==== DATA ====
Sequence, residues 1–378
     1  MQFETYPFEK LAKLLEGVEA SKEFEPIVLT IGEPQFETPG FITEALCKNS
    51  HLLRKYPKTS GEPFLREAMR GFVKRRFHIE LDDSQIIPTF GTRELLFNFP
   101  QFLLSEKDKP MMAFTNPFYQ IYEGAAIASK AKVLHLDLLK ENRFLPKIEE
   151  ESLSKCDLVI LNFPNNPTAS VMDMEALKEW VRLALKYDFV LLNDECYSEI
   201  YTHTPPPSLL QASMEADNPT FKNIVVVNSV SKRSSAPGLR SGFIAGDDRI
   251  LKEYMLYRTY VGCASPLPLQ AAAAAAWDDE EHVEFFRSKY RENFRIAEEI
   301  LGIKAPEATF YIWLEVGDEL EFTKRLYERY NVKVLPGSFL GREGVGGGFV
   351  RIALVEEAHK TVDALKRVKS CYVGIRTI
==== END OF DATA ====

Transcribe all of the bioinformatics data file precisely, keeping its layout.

Sequence, residues 1–378
     1  MQFETYPFEK LAKLLEGVEA SKEFEPIVLT IGEPQFETPG FITEALCKNS
    51  HLLRKYPKTS GEPFLREAMR GFVKRRFHIE LDDSQIIPTF GTRELLFNFP
   101  QFLLSEKDKP MMAFTNPFYQ IYEGAAIASK AKVLHLDLLK ENRFLPKIEE
   151  ESLSKCDLVI LNFPNNPTAS VMDMEALKEW VRLALKYDFV LLNDECYSEI
   201  YTHTPPPSLL QASMEADNPT FKNIVVVNSV SKRSSAPGLR SGFIAGDDRI
   251  LKEYMLYRTY VGCASPLPLQ AAAAAAWDDE EHVEFFRSKY RENFRIAEEI
   301  LGIKAPEATF YIWLEVGDEL EFTKRLYERY NVKVLPGSFL GREGVGGGFV
   351  RIALVEEAHK TVDALKRVKS CYVGIRTI